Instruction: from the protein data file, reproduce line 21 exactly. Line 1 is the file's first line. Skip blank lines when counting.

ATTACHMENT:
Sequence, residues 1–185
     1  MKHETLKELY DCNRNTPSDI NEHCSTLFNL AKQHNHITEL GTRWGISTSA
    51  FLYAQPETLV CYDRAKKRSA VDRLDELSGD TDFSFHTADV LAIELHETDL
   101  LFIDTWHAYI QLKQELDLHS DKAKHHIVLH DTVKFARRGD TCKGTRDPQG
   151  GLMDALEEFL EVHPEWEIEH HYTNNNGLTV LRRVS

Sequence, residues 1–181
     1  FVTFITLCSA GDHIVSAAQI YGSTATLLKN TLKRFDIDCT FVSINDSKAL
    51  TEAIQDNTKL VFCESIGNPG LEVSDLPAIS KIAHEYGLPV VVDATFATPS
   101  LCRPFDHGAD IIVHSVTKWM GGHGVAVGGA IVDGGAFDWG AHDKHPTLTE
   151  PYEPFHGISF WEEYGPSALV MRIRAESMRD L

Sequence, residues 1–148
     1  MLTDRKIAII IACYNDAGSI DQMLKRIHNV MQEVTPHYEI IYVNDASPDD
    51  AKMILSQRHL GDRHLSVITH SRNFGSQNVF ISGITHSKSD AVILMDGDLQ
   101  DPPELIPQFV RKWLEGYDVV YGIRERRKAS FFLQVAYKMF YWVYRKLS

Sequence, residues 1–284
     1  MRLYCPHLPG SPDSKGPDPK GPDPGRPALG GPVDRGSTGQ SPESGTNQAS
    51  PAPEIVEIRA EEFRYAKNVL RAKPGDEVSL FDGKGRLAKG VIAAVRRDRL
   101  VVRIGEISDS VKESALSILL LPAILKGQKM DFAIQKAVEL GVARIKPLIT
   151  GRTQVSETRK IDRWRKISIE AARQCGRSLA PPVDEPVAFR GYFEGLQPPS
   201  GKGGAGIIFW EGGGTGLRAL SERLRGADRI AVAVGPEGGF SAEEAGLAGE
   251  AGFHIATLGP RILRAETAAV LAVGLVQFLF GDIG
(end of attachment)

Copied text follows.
   251  AGFHIATLGP RILRAETAAV LAVGLVQFLF GDIG